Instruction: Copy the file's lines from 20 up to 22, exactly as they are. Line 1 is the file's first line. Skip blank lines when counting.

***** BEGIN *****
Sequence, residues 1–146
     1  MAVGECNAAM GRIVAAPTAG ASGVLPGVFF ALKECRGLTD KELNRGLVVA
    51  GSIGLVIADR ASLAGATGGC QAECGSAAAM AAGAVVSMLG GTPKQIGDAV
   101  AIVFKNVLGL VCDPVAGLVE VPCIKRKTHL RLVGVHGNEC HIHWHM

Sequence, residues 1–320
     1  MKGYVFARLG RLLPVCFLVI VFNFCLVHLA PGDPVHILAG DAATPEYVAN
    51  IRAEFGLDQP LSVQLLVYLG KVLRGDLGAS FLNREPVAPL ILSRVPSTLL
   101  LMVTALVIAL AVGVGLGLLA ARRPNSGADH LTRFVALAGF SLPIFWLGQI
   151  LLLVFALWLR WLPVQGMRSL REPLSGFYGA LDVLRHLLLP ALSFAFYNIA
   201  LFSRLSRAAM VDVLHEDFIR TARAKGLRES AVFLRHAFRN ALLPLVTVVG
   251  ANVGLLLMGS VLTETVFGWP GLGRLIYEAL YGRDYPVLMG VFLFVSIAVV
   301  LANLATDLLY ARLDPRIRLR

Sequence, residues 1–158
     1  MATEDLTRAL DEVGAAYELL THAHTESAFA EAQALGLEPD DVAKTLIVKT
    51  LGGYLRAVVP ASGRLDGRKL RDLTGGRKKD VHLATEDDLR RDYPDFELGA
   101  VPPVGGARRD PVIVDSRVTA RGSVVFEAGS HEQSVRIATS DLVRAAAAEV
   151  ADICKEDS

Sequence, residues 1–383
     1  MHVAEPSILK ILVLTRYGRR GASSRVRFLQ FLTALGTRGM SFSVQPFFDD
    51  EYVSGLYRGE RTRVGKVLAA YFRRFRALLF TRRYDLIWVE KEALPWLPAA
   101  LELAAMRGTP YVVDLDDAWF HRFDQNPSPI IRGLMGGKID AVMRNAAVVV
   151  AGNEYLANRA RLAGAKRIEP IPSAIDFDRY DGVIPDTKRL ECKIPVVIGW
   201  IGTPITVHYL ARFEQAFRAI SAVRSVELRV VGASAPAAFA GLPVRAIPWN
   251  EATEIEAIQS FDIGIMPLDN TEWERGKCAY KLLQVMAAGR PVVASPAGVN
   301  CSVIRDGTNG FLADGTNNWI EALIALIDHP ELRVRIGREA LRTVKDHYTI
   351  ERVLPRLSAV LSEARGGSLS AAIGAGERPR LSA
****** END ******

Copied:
    51  EYVSGLYRGE RTRVGKVLAA YFRRFRALLF TRRYDLIWVE KEALPWLPAA
   101  LELAAMRGTP YVVDLDDAWF HRFDQNPSPI IRGLMGGKID AVMRNAAVVV
   151  AGNEYLANRA RLAGAKRIEP IPSAIDFDRY DGVIPDTKRL ECKIPVVIGW